Credit card transactions are four-part communications.
There is the ‘sender’, who originates the communication. Then there is the ‘receiver’ on the other end of the communication. In between the sender and receiver is the ‘message’ itself and the fourth crucial element of communication is the ‘medium’ in which it happens.
Modern mobile technology and payment terminals change only the speed with which the transaction takes place and the intrinsic nature of the message, rather than the content of it. It is reassuring to think that all credit card payments are basically unchanged since the dawn of commerce. When cavemen first struck on the idea of swapping their flint axe for a haunch of deer, they were engaging in the exact same communication process in 4 parts as you do when paying for venison in your favourite restaurant.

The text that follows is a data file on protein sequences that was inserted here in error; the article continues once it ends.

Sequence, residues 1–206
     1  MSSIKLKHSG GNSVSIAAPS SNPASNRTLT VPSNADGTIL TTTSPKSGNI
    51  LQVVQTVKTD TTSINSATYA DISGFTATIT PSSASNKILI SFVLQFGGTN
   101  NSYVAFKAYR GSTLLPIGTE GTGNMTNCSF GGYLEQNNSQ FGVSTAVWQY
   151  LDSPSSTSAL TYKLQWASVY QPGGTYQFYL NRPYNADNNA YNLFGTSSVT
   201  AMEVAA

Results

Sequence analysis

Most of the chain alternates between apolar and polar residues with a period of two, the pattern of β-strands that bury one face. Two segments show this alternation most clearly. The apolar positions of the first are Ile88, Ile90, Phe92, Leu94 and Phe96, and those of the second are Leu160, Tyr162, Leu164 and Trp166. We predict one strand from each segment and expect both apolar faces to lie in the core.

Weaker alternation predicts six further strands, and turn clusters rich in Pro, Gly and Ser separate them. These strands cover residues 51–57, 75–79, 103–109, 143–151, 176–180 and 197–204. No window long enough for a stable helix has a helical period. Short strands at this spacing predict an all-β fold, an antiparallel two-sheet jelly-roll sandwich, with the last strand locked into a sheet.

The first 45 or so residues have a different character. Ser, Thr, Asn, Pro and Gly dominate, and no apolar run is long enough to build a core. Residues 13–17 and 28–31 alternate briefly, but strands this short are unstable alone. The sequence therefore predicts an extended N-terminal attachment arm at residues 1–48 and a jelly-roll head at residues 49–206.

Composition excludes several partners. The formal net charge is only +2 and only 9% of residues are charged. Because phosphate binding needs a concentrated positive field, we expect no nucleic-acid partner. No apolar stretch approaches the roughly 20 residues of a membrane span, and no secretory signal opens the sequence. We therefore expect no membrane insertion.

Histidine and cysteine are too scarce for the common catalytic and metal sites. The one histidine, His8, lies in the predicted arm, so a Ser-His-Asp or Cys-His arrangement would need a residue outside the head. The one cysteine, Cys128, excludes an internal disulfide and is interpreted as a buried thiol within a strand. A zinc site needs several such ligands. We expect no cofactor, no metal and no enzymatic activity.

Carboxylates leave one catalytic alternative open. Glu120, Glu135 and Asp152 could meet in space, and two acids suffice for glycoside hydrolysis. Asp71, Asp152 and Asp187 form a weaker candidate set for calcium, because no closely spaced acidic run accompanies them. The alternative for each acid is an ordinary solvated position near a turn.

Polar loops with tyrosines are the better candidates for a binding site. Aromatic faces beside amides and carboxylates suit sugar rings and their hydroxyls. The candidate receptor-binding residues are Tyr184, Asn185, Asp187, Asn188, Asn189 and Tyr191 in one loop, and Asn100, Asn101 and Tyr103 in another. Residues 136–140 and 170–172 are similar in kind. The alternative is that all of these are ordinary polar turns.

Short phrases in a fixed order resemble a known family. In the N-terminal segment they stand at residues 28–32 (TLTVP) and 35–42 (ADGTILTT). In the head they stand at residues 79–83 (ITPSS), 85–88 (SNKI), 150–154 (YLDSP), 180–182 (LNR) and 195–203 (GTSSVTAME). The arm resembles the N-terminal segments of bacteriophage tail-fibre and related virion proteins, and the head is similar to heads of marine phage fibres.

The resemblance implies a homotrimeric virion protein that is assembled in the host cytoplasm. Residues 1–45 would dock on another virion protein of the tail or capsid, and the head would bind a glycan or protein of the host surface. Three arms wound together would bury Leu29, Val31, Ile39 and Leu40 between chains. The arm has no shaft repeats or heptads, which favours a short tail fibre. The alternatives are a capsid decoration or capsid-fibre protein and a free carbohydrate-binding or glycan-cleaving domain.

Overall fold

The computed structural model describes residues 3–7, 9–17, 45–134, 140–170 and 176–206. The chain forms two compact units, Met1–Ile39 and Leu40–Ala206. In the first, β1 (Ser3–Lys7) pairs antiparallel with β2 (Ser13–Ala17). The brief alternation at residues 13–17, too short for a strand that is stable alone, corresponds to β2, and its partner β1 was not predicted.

As the sender, you and your card are originating the communication. The medium is numerical, electronic and digital, and unique to you; your unique account number, in combination with your unique personal identification number. The rest of the message is made up of the details of the transaction; amount, date, time etc. Because information is both power and private the message is encrypted, so that it cannot be read and understood by anybody other than the receivers and senders. Data protection was a lot less complex for cavemen. The massive change over time is in the speed with which credit card payments are completed.